By the end of the 1980s, almost half of the office buildingsthat existed at that time were constructed during the previous tenyears. When leasing space in new office buildings, it waseasy for tenants to understand that they would not likelyexperience significant pass-throughs of capital expenditures. Why? Because the majority of those buildings were new,and even in a poorly conceived or constructed building, atenant had a reasonable expectation that at least for thefirst few year of its lease term, substantial capital improvementswould not be required.

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Another interesting trait of the 1980s was that every thirddentist became a real estate developer over night. And, manyof us have heard of those stories where buildings were sohorribly constructed that they immediately started falling downaround their tenants. Thank you cheap money and speculativeconstruction!

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Those shiny new office buildings had brand new elevators,HVAC systems, electrical and safety systems, facades and parkinglots. Their tenants, not expecting to bear the financialburden of major capital improvements, negotiated their leasesby restricting their landlords from passing through suchcosts. Landlords, who also recognized that theirbuildings would not likely require immediate capital re-investment,most often agreed to such restrictions.

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That was in the 1980s....30 years ago! Now, thosebuildings are mature, the warranties on their roofs, windows,elevators, HVAC systems, parking lots, and other infrastructure andcapital components have long since expired. Replacements ofcapital items have been made once, twice, or more (at least inbetter run buildings!), in order to properly maintain functionalityand service levels. That's the nature of buildings...as theirsystems wear out, and they will wear out, those systems must bereplaced.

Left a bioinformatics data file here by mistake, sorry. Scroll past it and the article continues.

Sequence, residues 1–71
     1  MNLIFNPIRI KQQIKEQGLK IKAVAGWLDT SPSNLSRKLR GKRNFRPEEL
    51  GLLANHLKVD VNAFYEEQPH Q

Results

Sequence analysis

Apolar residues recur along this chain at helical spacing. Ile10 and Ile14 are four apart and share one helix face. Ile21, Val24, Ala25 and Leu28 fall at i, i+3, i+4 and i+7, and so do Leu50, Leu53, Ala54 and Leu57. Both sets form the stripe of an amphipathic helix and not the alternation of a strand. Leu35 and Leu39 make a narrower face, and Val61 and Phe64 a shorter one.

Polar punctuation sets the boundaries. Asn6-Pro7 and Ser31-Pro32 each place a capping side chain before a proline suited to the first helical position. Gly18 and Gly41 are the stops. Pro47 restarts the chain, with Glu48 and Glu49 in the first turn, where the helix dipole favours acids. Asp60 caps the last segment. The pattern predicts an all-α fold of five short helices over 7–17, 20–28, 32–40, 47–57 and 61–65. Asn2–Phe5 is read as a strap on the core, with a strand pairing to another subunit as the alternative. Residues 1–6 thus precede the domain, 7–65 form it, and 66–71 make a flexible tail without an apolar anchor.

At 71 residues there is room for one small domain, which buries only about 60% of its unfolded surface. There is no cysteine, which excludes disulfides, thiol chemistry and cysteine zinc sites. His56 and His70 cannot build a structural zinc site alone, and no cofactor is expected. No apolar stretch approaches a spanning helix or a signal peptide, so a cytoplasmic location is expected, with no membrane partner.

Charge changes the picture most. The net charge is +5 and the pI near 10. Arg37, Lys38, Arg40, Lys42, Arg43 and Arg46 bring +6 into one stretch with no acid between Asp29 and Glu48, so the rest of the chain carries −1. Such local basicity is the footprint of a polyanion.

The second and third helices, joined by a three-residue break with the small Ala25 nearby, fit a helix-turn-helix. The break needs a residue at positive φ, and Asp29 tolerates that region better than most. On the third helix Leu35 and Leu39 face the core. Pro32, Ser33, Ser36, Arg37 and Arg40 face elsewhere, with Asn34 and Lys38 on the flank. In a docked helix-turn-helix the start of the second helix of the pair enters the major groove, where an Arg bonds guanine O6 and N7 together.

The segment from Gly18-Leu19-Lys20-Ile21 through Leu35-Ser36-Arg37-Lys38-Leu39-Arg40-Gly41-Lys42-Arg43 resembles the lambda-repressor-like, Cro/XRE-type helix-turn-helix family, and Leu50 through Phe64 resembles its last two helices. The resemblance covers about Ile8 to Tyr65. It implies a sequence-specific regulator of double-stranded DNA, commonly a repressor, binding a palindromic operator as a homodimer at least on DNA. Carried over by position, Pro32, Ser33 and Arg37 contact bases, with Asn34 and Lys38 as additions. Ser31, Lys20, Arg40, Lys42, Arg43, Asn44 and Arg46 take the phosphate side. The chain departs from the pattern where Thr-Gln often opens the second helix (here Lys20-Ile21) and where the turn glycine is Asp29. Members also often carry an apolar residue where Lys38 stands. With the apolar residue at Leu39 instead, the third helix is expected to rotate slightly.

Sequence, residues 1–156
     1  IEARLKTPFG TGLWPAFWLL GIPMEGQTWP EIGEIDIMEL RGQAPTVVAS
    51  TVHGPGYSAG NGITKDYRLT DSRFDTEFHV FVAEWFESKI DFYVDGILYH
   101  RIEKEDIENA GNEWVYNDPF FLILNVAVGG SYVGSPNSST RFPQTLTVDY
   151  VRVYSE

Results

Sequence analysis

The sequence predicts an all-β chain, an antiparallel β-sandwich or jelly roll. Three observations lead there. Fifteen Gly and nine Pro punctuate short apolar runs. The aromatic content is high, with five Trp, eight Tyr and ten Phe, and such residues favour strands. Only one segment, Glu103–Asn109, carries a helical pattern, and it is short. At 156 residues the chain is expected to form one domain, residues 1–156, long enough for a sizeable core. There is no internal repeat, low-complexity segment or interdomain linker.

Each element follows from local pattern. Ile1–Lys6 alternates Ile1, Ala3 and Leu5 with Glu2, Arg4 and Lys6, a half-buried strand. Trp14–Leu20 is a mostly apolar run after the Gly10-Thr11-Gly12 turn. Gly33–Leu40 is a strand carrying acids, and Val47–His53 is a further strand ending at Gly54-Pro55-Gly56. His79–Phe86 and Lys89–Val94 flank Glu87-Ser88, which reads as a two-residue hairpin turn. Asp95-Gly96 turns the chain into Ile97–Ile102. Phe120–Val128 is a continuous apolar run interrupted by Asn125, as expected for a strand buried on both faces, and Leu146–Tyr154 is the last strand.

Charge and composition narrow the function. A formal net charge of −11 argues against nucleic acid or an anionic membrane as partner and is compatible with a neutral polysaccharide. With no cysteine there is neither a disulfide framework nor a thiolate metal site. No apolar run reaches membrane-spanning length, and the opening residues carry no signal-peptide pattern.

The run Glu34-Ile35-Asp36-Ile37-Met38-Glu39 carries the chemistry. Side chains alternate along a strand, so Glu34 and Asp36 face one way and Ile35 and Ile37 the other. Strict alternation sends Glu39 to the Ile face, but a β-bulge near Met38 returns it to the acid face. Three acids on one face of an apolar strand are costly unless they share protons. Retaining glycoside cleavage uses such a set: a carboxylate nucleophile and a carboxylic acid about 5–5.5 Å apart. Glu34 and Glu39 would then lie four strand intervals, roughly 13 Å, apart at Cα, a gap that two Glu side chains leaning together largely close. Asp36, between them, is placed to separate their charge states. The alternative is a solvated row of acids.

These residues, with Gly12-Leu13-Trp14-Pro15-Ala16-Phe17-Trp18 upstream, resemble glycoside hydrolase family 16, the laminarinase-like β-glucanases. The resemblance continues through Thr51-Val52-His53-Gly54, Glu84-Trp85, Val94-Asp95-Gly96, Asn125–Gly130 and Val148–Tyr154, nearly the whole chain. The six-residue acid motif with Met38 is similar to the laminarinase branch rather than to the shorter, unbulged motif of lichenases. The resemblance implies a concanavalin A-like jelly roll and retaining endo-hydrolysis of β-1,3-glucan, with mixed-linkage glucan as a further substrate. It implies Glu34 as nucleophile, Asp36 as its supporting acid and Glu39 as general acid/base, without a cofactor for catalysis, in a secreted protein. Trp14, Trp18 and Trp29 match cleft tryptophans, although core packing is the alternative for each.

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Because of how leases were negotiated in the past, under theterms of such older leases, replacement of major systems and theassociated costs fell to landlords. Now, with officebuildings maturing and the expectation that building systemswill require on-going replacement over time, should landlordscontinue to be responsible for these significant costs? Should those costs be passed onto tenants? Should bothparties share these costs? Should those costs be handleddifferently for existing and renewing tenants versus newtenants? Who is rightfully responsible?

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What do you think?

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Follow me at http://Twitter.com/RealStrat

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Where is Andrew Zezas?

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Check out '2010: More Business,Now!'

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Copyright Real Estate Strategies Corporation 2010. AllRights Reserved.

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